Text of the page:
In contrast, the population structure of methanogenic archaea in permafrost-affected peat in Siberia remained constant over a wide temperature range (Metje and Frenzel 2007). Also, a psychrophilic and little diverse methanotrophic community as detected near the permafrost table of Siberian polygonal tundra soils (Liebner and Wagner 2007; Liebner et al. 2008) will likely require more time for resilience than the diverse mesophilic-psychrotolerant methanogenic community detected in permafrost soils of the same region (Ganzert et al. 2007).
There is, however, a lack of experimental research investigating the long-term effect of simulated climate change on the methane-cycling communities in permafrost soils, which would be essential to prove or disprove the previously mentioned assumptions. Also, an account of the entire plant-microbe-animal syste, and the interactions between metabolic networks which are important for methanogenesis, is missing in modern methane flux models (Panikov 1999). Due to this poor knowledge, it is worthwhile considering microbial communities in the context of global climate change in general. Simulating the effects of warming on the competition between psychrophilic and mesophilic sub-populations of Pseudomonas, for example, displayed a high degree of stability of this artificial community (Panikov 1999). Psychrophiles dominated the bacterial community under cold conditions, and an increase in temperature by 5°C did not affect their domination. Further warming of another 5°C resulted in a rapid 50% substitution of psychrophiles by mesophiles over 2 years, finally reaching a stable coexistence between the two sub-populations. In the same model, the main effect of rising temperatures on the carbon balance of the ecosystem was a considerable activation of organic matter decomposition due to higher production of hydrolytic enzymes. Experimental setups revealed a rather low direct impact of rising temperatures on the decomposition of soil organic matter, but rather attributed increased decomposition rates most strongly to be due to changes in local substrate characteristics and vegetation type (Zhang et al. 2005; Bokhorst et al. 2007). Still, a shift in the microbial community structure induced by warming was again observed, at least in the first study.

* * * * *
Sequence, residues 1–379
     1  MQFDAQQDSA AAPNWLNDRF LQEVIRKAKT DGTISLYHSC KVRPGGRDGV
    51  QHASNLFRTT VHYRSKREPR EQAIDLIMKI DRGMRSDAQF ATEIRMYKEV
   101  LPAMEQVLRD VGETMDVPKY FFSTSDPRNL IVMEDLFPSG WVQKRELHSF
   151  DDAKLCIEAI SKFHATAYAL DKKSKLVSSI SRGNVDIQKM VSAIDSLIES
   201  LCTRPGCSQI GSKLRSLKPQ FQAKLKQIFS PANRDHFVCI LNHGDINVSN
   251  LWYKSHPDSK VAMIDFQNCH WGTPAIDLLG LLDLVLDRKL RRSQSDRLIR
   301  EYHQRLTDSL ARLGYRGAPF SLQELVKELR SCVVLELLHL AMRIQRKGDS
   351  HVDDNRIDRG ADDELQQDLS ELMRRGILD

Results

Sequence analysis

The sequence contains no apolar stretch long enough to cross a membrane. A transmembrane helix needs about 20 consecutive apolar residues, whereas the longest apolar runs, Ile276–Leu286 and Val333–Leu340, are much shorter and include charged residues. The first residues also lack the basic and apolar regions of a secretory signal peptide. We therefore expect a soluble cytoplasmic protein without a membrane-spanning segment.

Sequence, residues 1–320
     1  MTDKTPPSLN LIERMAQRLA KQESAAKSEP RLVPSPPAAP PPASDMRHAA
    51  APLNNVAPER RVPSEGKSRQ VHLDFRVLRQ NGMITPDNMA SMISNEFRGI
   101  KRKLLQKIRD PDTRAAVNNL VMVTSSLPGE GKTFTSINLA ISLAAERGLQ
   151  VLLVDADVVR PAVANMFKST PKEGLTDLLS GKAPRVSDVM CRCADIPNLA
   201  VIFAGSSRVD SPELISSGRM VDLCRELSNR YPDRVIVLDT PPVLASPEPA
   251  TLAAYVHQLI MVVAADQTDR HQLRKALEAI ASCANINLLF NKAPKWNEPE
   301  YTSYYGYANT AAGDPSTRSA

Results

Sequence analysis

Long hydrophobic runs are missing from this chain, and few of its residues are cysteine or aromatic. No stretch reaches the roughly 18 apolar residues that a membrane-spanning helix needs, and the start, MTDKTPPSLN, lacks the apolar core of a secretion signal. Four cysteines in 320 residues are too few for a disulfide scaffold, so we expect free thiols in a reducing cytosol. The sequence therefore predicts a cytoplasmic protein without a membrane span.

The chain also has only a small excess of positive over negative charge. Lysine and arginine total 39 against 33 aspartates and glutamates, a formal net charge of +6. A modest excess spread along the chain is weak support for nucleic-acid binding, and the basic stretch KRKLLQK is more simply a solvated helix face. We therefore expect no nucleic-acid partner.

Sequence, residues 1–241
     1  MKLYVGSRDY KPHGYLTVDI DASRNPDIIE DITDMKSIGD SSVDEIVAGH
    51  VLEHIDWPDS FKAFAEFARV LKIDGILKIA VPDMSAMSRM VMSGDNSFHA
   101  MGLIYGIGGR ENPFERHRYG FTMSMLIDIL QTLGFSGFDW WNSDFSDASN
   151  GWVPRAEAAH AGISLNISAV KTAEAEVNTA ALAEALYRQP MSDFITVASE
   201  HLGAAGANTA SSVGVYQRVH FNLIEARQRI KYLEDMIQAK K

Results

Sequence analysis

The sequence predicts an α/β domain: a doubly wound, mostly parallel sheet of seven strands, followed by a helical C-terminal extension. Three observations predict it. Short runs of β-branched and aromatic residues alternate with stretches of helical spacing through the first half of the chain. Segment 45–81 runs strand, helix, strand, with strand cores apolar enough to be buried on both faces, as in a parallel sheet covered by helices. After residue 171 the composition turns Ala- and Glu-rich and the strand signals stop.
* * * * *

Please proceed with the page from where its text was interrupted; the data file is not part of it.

To summarize, there is an urgent need for modelling the response of methane-cycling communities in permafrost regions to global climate change on the one hand, and to validate these models by empirical data on the other hand. This is not only due to the importance of these communities for the atmospheric methane budget and thus for the global climate. It is also inevitable, given the close connection between physiology and function of these communities in permafrost soils that allows for a general understanding of how important the stability of microbial communities is for the greenhouse gases budget of Arctic permafrost-affected wetlands.